Rudder steers personal finance to your in-box

Want to get your personal finance activity delivered via e-mail? Rudder (formerly Spendview) has got you covered.

One product that slipped under the radar in the past week is Rudder, an e-mail-based personal finance manager that launched at DemoFall and is a replacement for the now-defunct Spendview ( coverage ). Unlike a destination site like Mint.com, the idea of Rudder is not to have you continually visit a site to track financial activity. Instead, the idea is to have it delivered to your e-mail in-box.

I met with its creators last week to talk about what would make someone want to get all of this piped into a place where they might already be getting information overload. Rudder founder and CEO Nikhil Roy told me it's more of a utility for trying to cut through all the numbers and get to what's most important--like how much money you can actually use once bills have been paid.

Rudder's name for this magic number is "what's left" and it figures out what you've got for discretionary spending based on when you're getting your next paycheck and what's in your various savings and checking accounts, compared to credit card payments and other bills that need paying off. The entire process is shown to users, something Roy hopes will educate as much as it does take the work out of doing the math yourself.

Rudder delivers personal account balances to your e-mail and figures out what you've actually got left to spend in between now and your next paycheck. Rudder/CNET Networks

In addition to this core overview of your finances, you can also set-up reminders when it's time to pay bills. The system will automatically figure out what bills you're paying after keeping an eye on your bank account and credit cards for a few months. You can also add them in manually.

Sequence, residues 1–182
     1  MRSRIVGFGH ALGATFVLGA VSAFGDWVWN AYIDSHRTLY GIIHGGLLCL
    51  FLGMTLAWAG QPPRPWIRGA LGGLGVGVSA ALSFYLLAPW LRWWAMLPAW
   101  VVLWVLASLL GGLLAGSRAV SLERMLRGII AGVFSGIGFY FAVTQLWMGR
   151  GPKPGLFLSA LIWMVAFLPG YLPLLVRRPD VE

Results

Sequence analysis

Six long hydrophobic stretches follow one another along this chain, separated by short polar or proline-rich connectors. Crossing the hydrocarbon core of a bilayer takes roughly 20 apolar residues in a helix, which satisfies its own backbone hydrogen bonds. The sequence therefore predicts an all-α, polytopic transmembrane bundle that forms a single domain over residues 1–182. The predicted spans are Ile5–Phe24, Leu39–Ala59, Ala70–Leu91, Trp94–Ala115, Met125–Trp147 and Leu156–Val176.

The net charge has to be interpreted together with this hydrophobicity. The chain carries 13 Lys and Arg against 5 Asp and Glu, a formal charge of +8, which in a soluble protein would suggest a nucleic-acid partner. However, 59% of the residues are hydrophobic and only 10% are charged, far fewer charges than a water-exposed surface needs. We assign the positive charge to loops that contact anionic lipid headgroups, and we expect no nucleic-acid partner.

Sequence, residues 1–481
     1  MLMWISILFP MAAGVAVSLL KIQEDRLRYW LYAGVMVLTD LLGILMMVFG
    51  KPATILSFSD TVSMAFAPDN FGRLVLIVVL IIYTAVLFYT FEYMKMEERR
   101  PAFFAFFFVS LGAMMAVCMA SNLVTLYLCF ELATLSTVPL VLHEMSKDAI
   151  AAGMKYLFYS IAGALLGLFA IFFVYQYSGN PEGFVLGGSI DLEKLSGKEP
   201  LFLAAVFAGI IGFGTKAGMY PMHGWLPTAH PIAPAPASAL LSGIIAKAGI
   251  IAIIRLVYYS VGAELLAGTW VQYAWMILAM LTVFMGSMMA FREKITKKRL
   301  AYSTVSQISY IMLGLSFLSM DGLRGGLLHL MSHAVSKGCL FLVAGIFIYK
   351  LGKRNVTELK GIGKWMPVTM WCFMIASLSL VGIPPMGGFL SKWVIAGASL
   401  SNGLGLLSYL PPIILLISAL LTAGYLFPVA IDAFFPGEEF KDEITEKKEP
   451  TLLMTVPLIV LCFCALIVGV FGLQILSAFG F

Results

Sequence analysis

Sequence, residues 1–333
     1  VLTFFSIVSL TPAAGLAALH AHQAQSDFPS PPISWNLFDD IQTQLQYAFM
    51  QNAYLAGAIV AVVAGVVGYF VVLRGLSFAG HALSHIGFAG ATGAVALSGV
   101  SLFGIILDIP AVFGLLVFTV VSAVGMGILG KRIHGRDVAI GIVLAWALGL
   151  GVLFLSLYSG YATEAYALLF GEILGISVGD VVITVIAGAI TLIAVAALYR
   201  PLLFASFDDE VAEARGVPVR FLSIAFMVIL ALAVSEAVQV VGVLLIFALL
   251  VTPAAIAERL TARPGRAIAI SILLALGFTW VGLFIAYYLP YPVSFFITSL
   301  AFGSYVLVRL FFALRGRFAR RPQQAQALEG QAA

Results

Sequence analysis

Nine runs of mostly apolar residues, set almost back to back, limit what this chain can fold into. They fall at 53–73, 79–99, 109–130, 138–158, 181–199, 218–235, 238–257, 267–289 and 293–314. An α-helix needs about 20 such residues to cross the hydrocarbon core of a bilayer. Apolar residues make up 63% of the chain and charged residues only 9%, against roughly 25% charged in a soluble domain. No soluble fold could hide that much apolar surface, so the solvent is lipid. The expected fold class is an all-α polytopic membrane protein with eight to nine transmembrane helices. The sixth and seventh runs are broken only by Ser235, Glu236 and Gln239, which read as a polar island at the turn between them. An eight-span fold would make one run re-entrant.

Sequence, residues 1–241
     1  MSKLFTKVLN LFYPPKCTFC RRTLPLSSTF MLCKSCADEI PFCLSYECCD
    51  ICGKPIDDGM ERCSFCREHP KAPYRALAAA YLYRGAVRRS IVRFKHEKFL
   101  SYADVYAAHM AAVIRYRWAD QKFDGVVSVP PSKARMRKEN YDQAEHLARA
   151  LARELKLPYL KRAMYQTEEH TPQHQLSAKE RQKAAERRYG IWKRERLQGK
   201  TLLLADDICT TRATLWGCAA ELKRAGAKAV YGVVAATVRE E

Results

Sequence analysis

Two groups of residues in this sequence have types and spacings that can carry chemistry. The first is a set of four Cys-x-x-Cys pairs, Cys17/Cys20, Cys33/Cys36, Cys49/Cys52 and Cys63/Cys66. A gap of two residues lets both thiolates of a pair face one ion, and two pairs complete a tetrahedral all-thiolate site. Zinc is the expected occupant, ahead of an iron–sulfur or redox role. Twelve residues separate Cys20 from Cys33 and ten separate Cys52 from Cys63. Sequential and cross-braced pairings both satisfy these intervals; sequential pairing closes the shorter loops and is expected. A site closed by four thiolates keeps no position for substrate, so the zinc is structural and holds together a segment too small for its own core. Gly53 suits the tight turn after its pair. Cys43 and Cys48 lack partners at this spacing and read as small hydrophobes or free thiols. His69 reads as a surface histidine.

Rudder is also building out its own widget platform starting with a "spendmeter" that looks like one of those classic gauges at a nuclear power plant. The more you spend the closer it gets to the red zone, meaning you've got to slow down to avoid financial meltdown. Rudder is opening this up with an application programming interface to let developers create their own widgets that go on the system, later including premium widgets that offer advanced functionality for a small fee. Additional revenue will come with targeted coupons based on places where customers are frequently visiting. Roy told me they're "only going to send you offers if we know it will save you money."

I've embedded Rudder's six-minute pitch from Demo below.

Tags:
Software
About the author

Josh Lowensohn joined CNET in 2006 and now covers Apple. Before that, Josh wrote about everything from new Web start-ups, to remote-controlled robots that watch your house. Prior to joining CNET, Josh covered breaking video game news, as well as reviewing game software. His current console favorite is the Xbox 360.

 

Join the discussion

Conversation powered by Livefyre

Don't Miss
Hot Products
Trending on CNET

Last-minute gift ideas

Under pressure? These will deliver on time

With plenty of top-notch retailers offering digital gifts, you still have time to salvage your gift-giving reputation.